Time Pressure and Stress

This is the 4th in my series of time management techniques. These are the others, in case you missed them.

stress-time-px_250Stress and Time Pressure

Do you always feel as if you're trying to beat the clock?

I'm focusing in this article on those who are stressed because they have too much work to handle, and aiming to show how you can increase productivity and alleviate unnecessary stress by adopting sound time management skills.

If you're feeling stressed and overwhelmed while working, it's time to make some changes.

You can't do your best work or make good decisions when you're stressed, and those in the work-place should realise this – managers and workers alike.

The Effects of Stress on Your Health

It's not just the quality of your work that can suffer if you're stressed because you're working under time pressure.

Stress is a killer. According to the Mayo Clinic here are some of the ill-effects of stress on health:

  • Anxiety
  • Depression
  • Poor digestion as the fight or flight mechanism diverts energy from digestive processes
  • Heart disease
  • Loss of sleep
  • Tension headaches / migraines
  • Weight gain may result from poor food choices
  • Impaired memory and concentration

Sometimes you may not even be aware that you're damaging your health, but the effects of stress can be cumulative.

Here is a very interesting and more in-depth guide on the Cortisol Hormone: Its Role In Stress.

For the sake of your health, use these effective time management techniques to help you settle into a productive routine and reduce stress from your daily activities.

Here's a helpful article from Positive Psychology explaining the benefits of mental health, and tips to realize the benefits.

Try them all to see what suits you best. Some will may work for you better than others and you may find unexpectedly helpful results. Be flexible. You can easily discard the techniques you don't care for and adapt the others to suit your daily needs.

Updated Sept 2019: Stress is a killer - tools and tips to help time management at work. Click To Tweet

Reducing Time Pressure And Stress At Work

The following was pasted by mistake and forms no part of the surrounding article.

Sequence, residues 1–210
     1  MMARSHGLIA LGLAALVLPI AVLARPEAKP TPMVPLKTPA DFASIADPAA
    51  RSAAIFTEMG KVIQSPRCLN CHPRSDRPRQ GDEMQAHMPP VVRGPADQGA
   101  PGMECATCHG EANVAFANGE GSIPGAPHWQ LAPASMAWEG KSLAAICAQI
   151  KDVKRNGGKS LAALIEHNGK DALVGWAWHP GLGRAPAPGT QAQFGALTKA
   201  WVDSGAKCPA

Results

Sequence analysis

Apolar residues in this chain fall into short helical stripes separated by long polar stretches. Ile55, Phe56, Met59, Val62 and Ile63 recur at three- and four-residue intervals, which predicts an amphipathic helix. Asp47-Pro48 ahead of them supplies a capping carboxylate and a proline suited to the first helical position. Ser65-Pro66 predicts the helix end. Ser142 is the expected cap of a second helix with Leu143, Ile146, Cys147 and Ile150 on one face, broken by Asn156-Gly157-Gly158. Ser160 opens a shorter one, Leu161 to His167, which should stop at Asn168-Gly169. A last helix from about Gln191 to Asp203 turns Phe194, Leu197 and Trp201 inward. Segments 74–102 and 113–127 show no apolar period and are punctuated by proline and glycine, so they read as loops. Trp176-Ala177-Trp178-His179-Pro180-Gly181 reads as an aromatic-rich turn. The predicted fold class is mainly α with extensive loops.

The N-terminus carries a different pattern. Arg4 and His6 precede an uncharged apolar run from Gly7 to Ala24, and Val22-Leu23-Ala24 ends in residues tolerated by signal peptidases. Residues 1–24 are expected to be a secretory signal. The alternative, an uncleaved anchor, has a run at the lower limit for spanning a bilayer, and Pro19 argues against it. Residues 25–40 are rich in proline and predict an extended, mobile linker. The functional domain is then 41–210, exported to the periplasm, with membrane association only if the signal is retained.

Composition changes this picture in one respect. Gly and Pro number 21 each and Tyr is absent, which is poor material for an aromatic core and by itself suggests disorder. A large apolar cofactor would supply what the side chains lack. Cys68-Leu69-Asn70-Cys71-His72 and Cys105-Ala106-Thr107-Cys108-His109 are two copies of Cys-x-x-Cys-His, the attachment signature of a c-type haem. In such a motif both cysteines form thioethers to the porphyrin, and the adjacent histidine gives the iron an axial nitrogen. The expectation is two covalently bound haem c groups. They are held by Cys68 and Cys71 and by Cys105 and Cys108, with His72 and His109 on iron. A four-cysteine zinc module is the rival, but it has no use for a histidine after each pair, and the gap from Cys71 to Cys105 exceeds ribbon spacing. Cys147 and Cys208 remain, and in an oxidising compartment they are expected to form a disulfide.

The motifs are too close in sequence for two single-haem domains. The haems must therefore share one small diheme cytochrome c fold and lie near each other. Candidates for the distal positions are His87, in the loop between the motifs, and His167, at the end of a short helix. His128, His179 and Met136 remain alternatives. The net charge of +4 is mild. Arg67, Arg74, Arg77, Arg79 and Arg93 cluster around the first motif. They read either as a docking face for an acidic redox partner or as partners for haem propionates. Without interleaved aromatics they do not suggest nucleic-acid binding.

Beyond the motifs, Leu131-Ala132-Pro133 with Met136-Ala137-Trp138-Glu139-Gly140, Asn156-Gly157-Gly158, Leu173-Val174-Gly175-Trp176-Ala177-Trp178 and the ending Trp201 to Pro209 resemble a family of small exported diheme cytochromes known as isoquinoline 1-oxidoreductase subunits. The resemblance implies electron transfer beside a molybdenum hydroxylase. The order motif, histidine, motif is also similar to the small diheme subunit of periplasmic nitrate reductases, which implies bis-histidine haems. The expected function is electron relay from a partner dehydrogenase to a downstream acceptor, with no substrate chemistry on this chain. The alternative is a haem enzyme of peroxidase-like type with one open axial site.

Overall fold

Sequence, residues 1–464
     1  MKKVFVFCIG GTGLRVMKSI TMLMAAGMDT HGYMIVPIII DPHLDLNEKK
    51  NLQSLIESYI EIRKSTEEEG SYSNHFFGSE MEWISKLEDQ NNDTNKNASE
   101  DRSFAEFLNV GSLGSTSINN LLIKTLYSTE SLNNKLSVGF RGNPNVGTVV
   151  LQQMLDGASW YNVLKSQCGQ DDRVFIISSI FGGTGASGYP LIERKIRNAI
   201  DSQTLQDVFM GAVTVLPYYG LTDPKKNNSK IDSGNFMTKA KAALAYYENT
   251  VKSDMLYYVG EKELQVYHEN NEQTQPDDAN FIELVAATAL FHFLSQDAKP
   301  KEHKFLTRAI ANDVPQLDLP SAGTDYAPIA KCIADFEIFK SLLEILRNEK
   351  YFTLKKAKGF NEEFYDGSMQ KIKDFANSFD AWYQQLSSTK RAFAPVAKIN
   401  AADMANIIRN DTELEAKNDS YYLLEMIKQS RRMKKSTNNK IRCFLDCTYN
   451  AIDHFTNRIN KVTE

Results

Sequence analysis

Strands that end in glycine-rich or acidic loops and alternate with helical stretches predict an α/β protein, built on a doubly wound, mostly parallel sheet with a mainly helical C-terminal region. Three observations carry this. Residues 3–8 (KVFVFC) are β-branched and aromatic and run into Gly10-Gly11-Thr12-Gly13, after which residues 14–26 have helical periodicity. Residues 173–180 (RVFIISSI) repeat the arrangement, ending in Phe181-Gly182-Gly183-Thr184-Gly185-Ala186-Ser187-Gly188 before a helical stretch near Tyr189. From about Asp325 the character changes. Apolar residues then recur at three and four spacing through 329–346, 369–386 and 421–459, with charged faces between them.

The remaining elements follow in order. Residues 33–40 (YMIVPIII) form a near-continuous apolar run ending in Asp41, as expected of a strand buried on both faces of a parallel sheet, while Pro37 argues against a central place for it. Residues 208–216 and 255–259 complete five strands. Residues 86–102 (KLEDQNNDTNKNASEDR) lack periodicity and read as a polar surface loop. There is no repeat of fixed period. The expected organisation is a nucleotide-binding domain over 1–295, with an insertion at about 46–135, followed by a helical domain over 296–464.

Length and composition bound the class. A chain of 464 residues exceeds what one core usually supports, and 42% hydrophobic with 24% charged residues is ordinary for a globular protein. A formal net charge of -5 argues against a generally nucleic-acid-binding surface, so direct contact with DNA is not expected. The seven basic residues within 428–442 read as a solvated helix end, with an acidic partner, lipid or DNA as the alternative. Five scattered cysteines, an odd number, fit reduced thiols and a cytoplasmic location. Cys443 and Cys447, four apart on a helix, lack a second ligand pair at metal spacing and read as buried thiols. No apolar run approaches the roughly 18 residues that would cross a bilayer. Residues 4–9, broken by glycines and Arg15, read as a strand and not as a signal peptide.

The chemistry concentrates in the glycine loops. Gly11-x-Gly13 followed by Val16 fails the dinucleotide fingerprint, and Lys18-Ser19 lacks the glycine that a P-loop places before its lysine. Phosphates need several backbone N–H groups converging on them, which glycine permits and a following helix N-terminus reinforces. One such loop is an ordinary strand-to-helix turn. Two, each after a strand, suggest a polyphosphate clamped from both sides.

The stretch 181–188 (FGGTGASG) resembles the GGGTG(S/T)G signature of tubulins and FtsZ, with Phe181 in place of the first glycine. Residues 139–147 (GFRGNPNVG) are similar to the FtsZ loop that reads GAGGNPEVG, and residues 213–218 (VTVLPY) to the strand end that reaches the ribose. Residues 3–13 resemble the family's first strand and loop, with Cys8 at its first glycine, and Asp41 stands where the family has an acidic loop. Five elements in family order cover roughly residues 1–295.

• Keep a daily work flow journal to evaluate how you're spending your time. You're more apt to uncover time-wasting activities when they're written down. Alternatively, install time tracking software on your PC.
  • Schedule your day. At the end of each workday, write out a list of tasks to complete for the next day. Spend adequate time rearranging the tasks from the most to least important. Some projects are more important than others; apply your efforts to gain the best outcome.
  • Set a time limit, not just for the whole task, but for portions of the work. For example, if you need to input figures into a PC and file the paperwork, perform the data entry today and save the filing for tomorrow.
  • Reduce distractions. Close the office door, shut off the cell phone and close down the browser. Every second you spend away from your planned day means less work is getting done.
  • Say no and stick to your plan. Don't take on any new clients until you've taken care of existing customers. Politely decline and relate why it's impossible to deviate from your plan.
  • Take necessary breaks, often. Sitting hunched over a desk, staring at a computer screen can take a toll on anybody. Learn to relax for a few minutes get up and walk away as needed. Grab a drink, stretch, or step outside for some fresh air. These simple activities will counteract stiffness and neck strain.
  • Feeling drowsy? You may benefit from a fifteen minute “power nap”. If it makes you more efficient afterwards, it's time well spent.
  • Challenge your abilities. Use a timer set for short spurts of time (about 10-15 minutes) and work feverishly to beat the clock. Sometimes all we need is a little challenge to get us motivated and keep on track.
  • Break bigger tasks into smaller jobs. Plan out a weekly schedule where bigger tasks are divided into smaller jobs. Delegate a portion of the work to a virtual assistant. This allows you to chip away at larger projects.
  • Batch processing of certain tasks. For instance, I wrote this whole series of articles over 2 two day period, which meant I had several weeks blog posts scheduled ahead of time. I process my accounts 3 months at a time.